Power: Men and Women, Black and White

"Power tends to corrupt, and absolute power corrupts absolutely." -Lord Acton

Plantation owners in the American South prior to the Civil War had godlike control over their slaves, wives and children. This may not come as a surprise, but Marlen Suyapa Bodden's The Wedding Gift dramatizes it vividly.  Told alternately by Sarah, a slave, and Theodora, the wife of a very wealthy and somewhat  "benevolent" planter, one could argue that these women have more in common than they might realize. Truly awful things happen to both of these women, both at the hands of their lord and master and other men as well. Theodora has more options in most cases, both because of the color of her skin and her wealth, but Sarah is more determined, scaring her family and friends witless with her talk of escape. In the end, there is no Hollywood finale for these women, but that would have been cheating with this story. They get the best resolution the time and place and their own decisions will allow.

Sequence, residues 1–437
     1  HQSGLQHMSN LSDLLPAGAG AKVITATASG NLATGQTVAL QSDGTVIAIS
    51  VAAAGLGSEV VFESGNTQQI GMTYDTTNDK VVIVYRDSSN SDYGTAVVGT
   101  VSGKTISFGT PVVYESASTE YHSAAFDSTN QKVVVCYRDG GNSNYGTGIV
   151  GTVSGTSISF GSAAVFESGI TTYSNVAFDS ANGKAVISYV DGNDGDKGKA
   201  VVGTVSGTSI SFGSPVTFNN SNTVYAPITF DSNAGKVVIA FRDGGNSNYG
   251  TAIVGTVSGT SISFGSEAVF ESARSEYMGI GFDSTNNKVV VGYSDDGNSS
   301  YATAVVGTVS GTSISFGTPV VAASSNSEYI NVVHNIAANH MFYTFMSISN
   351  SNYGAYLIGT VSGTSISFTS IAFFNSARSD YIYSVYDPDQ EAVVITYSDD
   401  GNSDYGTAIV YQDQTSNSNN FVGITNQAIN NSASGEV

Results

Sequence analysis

While The Wedding Gift may seem slow to start, and it is by no means a "quick read," I became engrossed in the story and neglected other tasks calling for my attention, especially towards the end. The book is very well researched and is based on an actual case in 1850's Alabama. You care for these women, even the willfully blind Theodora and her spoiled daughter, because there are no good options for anyone under the system of slavery. I recommend this book to those who want a corrective to Gone With The Wind and anyone who wants to think and feel.

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